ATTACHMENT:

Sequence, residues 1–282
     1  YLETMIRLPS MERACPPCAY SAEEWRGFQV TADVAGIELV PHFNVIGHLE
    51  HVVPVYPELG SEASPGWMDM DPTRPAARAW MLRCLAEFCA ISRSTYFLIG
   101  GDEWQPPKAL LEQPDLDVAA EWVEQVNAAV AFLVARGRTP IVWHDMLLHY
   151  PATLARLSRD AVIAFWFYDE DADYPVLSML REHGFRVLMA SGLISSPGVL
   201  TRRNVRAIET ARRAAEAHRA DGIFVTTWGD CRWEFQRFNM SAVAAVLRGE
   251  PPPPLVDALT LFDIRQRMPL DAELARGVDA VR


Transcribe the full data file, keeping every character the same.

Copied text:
Sequence, residues 1–282
     1  YLETMIRLPS MERACPPCAY SAEEWRGFQV TADVAGIELV PHFNVIGHLE
    51  HVVPVYPELG SEASPGWMDM DPTRPAARAW MLRCLAEFCA ISRSTYFLIG
   101  GDEWQPPKAL LEQPDLDVAA EWVEQVNAAV AFLVARGRTP IVWHDMLLHY
   151  PATLARLSRD AVIAFWFYDE DADYPVLSML REHGFRVLMA SGLISSPGVL
   201  TRRNVRAIET ARRAAEAHRA DGIFVTTWGD CRWEFQRFNM SAVAAVLRGE
   251  PPPPLVDALT LFDIRQRMPL DAELARGVDA VR